Throughout Under Western Eyes a range of structural and thematic literary devices point to the presence of seminal works from the Russian tradition of writing on the subject of the superfluous man. Amongst these is Mikhail Lermontov’s A Hero of Our Time, a work that became a reference point for later writings on the subject and of particular importance to the writings of Turgenev and Dostoyevsky that Conrad draws on for Under Western Eyes. In “Autocracy and War,” Conrad characterized Russia as geographically and politically superfluous, indicating, as Bismarck and Jules Michelet had before him, that Russia was “le néant” (79). Similarly, in his “Author’s Note” to Under Western Eyes, Conrad implied that Razumov was either “a Russian – or he is nothing” (ix). In offering Razumov either Russianness or the decidedly Russian alternate fate of superfluousness, Conrad ensured that Under Western Eyes and its protagonist engaged directly with one of the most important traditions of Russian writing of the nineteenth century.

Works cited
Abbott, H. Porter. “Letters to the Self: The Cloistered Writer in Nonretrospective Fiction.” PMLA 95.1 (1980): 23-41.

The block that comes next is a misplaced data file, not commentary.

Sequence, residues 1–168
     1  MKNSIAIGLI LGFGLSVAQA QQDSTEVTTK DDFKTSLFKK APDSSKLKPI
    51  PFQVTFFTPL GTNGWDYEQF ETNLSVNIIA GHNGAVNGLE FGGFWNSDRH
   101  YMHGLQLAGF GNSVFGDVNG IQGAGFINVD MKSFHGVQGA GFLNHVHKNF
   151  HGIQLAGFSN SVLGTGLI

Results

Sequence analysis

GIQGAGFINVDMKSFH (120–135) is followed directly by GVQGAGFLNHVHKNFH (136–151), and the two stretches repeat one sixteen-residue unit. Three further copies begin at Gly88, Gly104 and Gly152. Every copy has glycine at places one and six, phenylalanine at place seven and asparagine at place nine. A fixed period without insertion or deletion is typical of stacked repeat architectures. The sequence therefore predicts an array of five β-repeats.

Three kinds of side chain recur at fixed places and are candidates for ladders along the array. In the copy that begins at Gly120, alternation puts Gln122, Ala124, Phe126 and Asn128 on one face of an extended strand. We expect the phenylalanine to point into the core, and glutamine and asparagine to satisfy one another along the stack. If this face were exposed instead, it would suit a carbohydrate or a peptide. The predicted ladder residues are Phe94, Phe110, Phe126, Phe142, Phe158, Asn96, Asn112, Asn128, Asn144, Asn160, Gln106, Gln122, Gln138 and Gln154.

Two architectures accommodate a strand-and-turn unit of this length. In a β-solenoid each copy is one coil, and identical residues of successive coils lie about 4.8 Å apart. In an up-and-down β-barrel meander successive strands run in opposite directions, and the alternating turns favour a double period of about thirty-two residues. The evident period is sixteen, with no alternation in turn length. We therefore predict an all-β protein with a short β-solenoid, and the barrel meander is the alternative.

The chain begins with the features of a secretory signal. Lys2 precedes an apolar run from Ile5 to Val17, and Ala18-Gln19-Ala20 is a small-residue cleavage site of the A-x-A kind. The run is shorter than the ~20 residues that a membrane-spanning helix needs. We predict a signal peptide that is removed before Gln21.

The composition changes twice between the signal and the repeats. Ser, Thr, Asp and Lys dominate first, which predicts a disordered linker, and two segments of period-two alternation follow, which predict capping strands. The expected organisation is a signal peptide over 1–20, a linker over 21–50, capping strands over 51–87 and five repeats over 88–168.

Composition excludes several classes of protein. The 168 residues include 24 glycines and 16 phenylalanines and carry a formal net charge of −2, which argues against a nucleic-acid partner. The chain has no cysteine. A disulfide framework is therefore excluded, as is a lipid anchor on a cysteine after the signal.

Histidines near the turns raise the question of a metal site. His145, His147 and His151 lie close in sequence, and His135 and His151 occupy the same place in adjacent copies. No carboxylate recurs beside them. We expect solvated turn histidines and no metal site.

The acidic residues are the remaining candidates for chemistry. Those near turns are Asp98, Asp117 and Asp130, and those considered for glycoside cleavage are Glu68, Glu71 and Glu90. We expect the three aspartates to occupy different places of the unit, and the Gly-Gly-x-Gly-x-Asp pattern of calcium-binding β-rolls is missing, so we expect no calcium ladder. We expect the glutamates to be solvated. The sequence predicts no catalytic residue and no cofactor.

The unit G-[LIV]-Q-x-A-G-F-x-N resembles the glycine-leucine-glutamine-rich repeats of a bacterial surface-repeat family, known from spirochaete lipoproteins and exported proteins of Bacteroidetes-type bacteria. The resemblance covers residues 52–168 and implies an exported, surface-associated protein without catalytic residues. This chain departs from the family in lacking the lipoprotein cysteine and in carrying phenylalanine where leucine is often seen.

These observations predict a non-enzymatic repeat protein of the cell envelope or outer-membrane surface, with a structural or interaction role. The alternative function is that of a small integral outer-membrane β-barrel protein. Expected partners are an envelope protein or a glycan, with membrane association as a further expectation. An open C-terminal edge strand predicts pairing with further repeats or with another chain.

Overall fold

Berman, Marshall. All That Is Solid Melts into Air: The Experience of Modernity. London: Verso, 1993.

Coetzee, J. M. “Confession and Double Thoughts: Tolstoy, Rousseau, Dostoevsky.” Comparative Literature 37.3 (1985): 193-232.

Davidson, Pamela, ed. Russian Literature and its Demons. Oxford: Berghahn Books, 2000.

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1 Conrad quotes the following lines: “So halt’ ich’s endlich denn in meinen Händen/Und nenn’es in gewissen Sinne mein” (211) [And so at last I hold it in my hands /And call it in a certain sense my own] (cited in Kirschner 1979: 65).

2 For a discussion of Conrad’s engagement with the ideas of this essay, see Mulry (2011).

3 See, in particular, Zgorzelski (1951: 129-43).

4 Lermontov is possibly the poet Razumov alludes to in the hitherto untraced reference to the poet who speaks of “a breast unwarmed by any affection” (344). Lermontov’s Demon describes himself as “He whom, no one loving, all abhor, /Accursed by every living soul” (35), explaining that “Nature’s warm embrace /To endless time grew cold for me” (38). In addition to evoking the words of Lermontov’s Demon and the reflections of Pechorin, Razumov’s words correspond to the tendency of Russian literary characters, such as Turgenev’s Chulkaturin in The Diary of a Superfluous Man and Dostoyevsky’s Underground Man in Notes from Underground to quote from Lermontov’s poetry.

5 In Dostoyevsky’s The Devils “a consistent system of both overt and oblique references point to Lermontov and his hero as a yardstick against which we must measure the demonism of Stavrogin” (Leatherbarrow 2000: 300-01).